D-Day C-47 That’s All Brother is being Renovated and Housed in Dallas

A World War Two C-47 aircraft is being renovated and transported to its new home in Dallas in the U.S.

42-92847 led Mission Albany a formation of 432 aircraft that, just after midnight on D-Day, dropped more than 6,600 paratroopers behind enemy lines on the Cotentin Peninsula of Normandy. Named “That’s All, Brother”, this airplane led the first major blow in the Allied liberation of Europe.

The men that jumped from the airplane were paratroopers of the 502nd Parachute Infantry Regiment, with the 101st Airborne Division.

“That’s All, Brother” had an impressive combat record after D-Day. It participated in Operation Market Garden, the relief of Bastogne during the Battle of the Bulge, and Operation Varsity.

In 1946, the airplane was sold into civilian hands. It passed through sixteen different owners before being acquired in 2008 by Basler Turbo Conversions LLC of Oshkosh, WI.

The airplane’s place in history had been forgotten, and it was placed in Basler’s outdoor boneyard awaiting conversion to a modern BT-67 turboprop.

The plane had been scrapped and was rusting away in an airplane scrap yard in Wisconsin. Historians say that it is worthwhile to preserve it for future generations.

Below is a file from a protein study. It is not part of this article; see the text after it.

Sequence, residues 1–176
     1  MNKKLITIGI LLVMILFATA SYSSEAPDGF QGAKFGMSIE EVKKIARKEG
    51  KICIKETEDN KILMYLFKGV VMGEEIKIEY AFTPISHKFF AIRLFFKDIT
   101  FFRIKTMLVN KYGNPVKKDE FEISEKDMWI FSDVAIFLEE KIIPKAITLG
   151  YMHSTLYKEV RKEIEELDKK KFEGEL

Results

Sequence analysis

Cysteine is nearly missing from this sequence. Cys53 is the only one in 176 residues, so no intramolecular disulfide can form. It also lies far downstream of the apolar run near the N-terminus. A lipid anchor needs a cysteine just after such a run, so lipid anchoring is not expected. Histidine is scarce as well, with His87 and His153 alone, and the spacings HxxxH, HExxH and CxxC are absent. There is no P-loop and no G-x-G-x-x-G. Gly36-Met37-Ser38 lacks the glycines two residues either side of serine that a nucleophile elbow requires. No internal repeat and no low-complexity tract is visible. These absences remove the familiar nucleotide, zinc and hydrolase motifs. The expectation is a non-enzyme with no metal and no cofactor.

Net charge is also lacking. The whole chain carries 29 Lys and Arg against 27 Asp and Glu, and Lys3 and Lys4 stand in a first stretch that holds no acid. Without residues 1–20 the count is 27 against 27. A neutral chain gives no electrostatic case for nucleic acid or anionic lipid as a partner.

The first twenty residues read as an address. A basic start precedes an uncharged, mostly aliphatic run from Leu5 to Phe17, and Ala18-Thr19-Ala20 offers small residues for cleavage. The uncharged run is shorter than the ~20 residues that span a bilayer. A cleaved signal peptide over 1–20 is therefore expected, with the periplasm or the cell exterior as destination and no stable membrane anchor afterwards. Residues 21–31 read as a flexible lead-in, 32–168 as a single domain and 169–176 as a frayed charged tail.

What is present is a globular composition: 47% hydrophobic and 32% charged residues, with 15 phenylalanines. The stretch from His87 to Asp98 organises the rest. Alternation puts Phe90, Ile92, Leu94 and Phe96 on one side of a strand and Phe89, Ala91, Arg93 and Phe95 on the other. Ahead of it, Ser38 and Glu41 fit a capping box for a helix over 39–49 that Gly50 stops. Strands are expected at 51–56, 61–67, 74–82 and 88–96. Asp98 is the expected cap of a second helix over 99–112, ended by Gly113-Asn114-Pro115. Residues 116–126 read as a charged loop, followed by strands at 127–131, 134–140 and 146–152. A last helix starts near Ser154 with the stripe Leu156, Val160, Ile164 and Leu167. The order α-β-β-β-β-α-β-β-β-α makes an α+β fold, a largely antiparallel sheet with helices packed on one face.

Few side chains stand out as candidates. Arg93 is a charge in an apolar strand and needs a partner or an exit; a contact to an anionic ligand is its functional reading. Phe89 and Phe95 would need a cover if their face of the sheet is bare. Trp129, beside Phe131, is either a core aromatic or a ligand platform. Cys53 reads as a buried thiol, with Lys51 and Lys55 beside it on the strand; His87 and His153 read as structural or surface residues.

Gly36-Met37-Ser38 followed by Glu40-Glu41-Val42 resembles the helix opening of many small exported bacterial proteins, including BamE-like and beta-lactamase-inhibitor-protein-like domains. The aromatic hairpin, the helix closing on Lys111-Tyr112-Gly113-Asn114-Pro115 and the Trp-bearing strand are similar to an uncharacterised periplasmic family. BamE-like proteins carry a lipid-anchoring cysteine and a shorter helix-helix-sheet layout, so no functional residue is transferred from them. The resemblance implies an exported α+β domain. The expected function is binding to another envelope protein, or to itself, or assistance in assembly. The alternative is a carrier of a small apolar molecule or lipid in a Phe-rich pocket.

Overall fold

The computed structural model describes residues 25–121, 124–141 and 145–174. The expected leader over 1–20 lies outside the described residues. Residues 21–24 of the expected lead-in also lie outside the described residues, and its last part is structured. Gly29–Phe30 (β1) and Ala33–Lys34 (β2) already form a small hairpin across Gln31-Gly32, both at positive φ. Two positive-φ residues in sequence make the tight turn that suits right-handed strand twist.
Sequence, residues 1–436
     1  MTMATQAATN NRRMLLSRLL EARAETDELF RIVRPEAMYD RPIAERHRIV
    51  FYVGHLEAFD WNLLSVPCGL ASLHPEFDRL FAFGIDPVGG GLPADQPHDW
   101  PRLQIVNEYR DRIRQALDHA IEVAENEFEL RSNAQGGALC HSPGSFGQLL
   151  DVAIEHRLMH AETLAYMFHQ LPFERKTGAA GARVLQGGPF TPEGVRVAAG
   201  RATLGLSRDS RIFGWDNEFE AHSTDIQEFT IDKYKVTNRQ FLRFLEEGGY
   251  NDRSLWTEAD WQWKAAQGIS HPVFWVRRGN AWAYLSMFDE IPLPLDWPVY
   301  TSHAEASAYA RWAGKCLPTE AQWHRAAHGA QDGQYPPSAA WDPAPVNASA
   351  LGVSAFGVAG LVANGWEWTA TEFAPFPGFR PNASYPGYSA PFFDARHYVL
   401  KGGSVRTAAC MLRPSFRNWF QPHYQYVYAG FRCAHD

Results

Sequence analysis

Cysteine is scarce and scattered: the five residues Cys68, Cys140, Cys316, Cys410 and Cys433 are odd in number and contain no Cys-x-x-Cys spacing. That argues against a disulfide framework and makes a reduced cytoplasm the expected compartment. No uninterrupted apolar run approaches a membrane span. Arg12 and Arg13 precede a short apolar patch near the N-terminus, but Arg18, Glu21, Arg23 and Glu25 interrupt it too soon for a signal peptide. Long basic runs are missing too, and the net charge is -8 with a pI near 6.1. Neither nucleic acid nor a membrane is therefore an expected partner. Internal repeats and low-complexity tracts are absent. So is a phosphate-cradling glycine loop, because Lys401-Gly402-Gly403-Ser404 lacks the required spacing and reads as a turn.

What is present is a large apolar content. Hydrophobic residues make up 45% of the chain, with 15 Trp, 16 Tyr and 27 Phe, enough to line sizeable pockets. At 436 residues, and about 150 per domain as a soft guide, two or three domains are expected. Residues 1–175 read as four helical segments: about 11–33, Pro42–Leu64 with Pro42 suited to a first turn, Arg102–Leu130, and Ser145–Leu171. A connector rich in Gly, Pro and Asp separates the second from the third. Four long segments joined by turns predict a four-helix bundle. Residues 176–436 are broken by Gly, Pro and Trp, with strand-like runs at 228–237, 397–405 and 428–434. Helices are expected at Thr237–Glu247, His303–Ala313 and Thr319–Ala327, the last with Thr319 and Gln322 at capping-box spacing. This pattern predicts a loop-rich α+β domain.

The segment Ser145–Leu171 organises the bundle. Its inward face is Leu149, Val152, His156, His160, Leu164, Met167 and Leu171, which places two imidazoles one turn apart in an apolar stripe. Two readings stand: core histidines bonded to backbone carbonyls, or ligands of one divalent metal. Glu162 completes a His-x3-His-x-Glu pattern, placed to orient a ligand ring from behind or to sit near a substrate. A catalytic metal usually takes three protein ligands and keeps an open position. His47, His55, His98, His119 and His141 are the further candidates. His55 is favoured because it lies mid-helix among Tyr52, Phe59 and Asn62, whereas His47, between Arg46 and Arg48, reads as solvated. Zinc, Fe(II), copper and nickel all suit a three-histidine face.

The Commemorative Air Force (CAF) is leading the renovations and when the project was announced there was a lot of interest from airbases and collectors all over the world.

The C-47 will soon become part of the collection at the Commemorative Air Force’s Museum at Dallas Executive Airport. It is thought it will take another five years to complete the project, but the aircraft is said to be almost near to being fully-renovated and should be in flying condition within about nine months.

The deal for the Commemorative Air Force to purchase the C-47 also included a second aircraft and was worth around US$600,000. Many private bidders took part in the negotiations, but the case to have the aircraft on public view and become a public tool was too strong to resist.

The total renovation costs are thought to amount to US$1.5 million while right now the CAF has raised just over half of that. Some of the previous owner’s renovation works have set the project back since the attempt had caused severe rusting and corrosion.

Meanwhile other renovation work has saved some time, since its D-Day invasion internal configuration, including seats, electronic equipment, and décor, had been kept in a safe place.

Some of the equipment are still missing, such as its airborne radar – the CAF team is on the hunt to find a replacement. Their ultimate aim is to preserve the aircraft so that it can eventually be flown at the centenary commemorations of the D-Day landings in 2044, another 29 years away.

The only other time the C-47 stopped in Dallas was when it was originally flown to England to take part in the war effort. It would have been flown by a female pilot from the Women Airforce Service Pilots, whose job it was to deliver aircraft to domestic U.S. airbases throughout the war.

Images: Kickstarter

Ian Harvey

Ian Harvey is one of the authors writing for WAR HISTORY ONLINE